Elections were held last April in Wisconsin where about 300,000 voters cast ballots in person where steps were taken to administer the voting while complying with the medical guidelines so as a result no spike in Chinese flu cases were detected. Those most at risk for serious illness from the flu, those over 60 can already get absentee ballots in Tennessee. No change in our rules are needed.

  • WhitesCreek says:

    Golly, the way Republicans complain and moan when a Judge rules against them you would think they believe they can’t win a fair election. Trump votes by mail. The military votes by mail. I will vote by mail.

  • Beatrice Shaw says:

    Agreed Fearmongering won’t help. Republicans have created disasters with race issues, voting issues, school issues and medicaid. Insane this country can’t get responsible leaders

  • Henry Walker says:

    Teddy: I worry about voter fraud, too, and recall (and have read about) the absentee ballot and other voting problems in Davidson County’s history. But you should read the opinion. The state’s own expert testified that fraud was not an issue in the circumstances of this case. The Judge could hardly have ruled otherwise based on what happened in Davidson County fifty years ago.

  • David Collins says:

    Wow! There is a lot of misinformation in today’s blog. I am not sure the good Judge actually has the authority to order applications for absentee ballots to be sent to every registered voter. As part of her order provides, the election commission can encourage all registered voters to vote during the early voting period. The will still come into contact with more people than they would marking their absentee ballot at home, but, social distancing rules and masks can minimize any exposure. The state election coordinator is by law the chief election law officer of the State and is charged with assuring that all election procedures are equal and uniform across this state (as mandated in the State Constitution) so he or she would be the logical choice to direct the proper conduct of the election.
    As to the question of voter fraud. Voter fraud IS a felony regardless of whether the perpetrator is caught and/or later prosecuted. You wouldn’t say murder is a felony only if the person is caught and later prosecuted so don’t be silly and say it’s different standard for voter fraud. Secondly, voting absentee DOES NOT disturb the sanctity of the secret ballot. Election officials DO NOT know how a person voted. If you vote absentee, you will notice that the flap on the envelope in which you place your marked ballot is where you sign your name. Once the signature comparison is made and the election commission is convinced you are in fact the voter you claim to be, that flap is removed and the envelope is tossed into a box with all the others and is mixed up to where no one can tell how a particular person voted. Assuming the election commission has performed its duty to mail out and verify addresses and removed dead voters from the rolls (they are mailed monthly a list of all names that appeared on all death certificates for the past 30 days), the fears stated above in Mr. Anderson’s response should be allayed.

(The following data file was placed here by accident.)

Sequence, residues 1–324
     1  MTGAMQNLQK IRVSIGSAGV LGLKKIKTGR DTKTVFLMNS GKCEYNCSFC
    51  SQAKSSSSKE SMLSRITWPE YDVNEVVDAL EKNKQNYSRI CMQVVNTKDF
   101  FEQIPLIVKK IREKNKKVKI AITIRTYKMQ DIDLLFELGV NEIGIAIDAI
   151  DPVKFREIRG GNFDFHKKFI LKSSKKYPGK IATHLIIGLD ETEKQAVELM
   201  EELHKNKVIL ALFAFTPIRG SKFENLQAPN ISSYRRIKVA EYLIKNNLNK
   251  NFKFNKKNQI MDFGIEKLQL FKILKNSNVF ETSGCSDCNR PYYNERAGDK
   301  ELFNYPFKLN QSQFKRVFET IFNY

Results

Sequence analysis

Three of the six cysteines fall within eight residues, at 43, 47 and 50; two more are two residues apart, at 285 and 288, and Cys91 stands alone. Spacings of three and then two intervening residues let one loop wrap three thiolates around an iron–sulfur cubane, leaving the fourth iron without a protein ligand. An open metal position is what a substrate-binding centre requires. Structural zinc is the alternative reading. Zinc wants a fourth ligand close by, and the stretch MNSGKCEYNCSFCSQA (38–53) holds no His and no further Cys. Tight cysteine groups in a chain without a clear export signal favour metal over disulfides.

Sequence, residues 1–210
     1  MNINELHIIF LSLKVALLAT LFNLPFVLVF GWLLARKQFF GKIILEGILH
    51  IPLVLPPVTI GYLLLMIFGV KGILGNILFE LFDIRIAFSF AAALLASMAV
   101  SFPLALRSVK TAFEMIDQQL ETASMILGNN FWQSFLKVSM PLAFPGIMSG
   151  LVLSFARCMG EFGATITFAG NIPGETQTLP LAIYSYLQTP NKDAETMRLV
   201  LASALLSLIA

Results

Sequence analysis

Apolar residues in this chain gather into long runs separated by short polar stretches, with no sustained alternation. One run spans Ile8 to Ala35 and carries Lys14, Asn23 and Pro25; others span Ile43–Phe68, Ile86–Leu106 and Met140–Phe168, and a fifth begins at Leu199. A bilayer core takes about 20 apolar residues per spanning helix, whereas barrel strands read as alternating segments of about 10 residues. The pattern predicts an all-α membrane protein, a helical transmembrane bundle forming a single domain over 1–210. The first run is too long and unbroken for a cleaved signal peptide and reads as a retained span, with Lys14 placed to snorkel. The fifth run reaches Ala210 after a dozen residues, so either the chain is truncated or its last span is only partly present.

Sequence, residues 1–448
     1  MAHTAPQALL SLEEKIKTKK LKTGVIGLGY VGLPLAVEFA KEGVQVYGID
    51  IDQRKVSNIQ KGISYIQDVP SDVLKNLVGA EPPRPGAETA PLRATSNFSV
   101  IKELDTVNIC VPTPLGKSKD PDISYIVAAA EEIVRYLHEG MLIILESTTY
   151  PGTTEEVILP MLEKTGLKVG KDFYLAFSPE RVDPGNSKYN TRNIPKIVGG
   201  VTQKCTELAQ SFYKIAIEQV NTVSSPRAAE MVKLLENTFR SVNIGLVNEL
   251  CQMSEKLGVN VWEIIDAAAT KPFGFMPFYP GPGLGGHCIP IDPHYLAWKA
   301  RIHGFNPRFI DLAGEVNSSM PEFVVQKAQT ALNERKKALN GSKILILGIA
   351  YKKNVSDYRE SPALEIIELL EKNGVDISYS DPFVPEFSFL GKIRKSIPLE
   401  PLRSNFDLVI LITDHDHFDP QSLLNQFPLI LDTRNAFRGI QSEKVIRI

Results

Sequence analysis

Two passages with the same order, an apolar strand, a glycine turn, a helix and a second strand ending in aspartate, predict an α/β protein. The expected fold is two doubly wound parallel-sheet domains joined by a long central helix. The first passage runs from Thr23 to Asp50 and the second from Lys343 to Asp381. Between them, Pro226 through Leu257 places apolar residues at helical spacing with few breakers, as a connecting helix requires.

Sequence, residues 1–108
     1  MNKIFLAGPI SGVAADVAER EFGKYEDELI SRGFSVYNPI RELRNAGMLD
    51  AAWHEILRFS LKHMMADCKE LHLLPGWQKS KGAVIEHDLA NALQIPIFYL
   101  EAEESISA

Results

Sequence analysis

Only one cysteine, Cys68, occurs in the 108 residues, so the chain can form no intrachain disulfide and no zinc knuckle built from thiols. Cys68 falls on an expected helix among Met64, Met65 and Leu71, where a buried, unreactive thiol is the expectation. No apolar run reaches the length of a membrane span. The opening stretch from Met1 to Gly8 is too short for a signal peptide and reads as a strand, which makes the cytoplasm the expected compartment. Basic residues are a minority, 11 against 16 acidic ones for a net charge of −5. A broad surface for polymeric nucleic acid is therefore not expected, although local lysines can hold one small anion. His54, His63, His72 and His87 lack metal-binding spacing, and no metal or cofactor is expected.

We have a good and sound law and procedure for administering absentee voting and good and honest people administering those laws. Absentee voting should not be feared. At last count, I think that there are as many as six states that have abandoned polling places altogether and conduct their elections entirely by mail. It is cheaper and more convenient to do so. There are plenty of real things to worry about but absentee voting is not one of them.

  • Henry Walker says:

    David, a former State Coordinator of Elections in Tennessee, knows of what he speaks concerning the precautions against fraud in absentee voting. That’s why the state’s own expert testified that fraud was not an issue in this case. As for David’s comments on the limits of the judge’s authority, David (who is a good lawyer) should study the opinion. She ordered only a temporary expansion of the category of people who may request absentee ballots. That’s all.

  • Mike kernell says:

    Having diabetes is not a voting handicap normally , but it is a stay at home disability during a pandemic.
    Same is true for someone who is 35 and taking care of a 55 year old parent in chemotherapy.
    Neither should have to stay home with no options to vote in a pandemic.
    This is the spirit of the law.

    PS. The failure of the legislature to change the law quickly during a pandemic, does not negate the previous law or the the spirit of the law.
    PSS. While the government is holding meetings over Zoom, they still want the sick and vulnerable to zoom in to vote .

  • http://truethevote.activehosted.com/index.php?action=social&chash=6c8349cc7260ae62e3b1396831a8398f.75&s=d7abe341215bd3036a0ce2319e66e572

    #1 – Election laws are the purview of the legislature, not the judiciary. Judges cannot make law.
    #2 – Mail-in and absentee voting is not only subject to fraud, it is subject to all kinds of other issues and does not guarantee election integrity. See link above.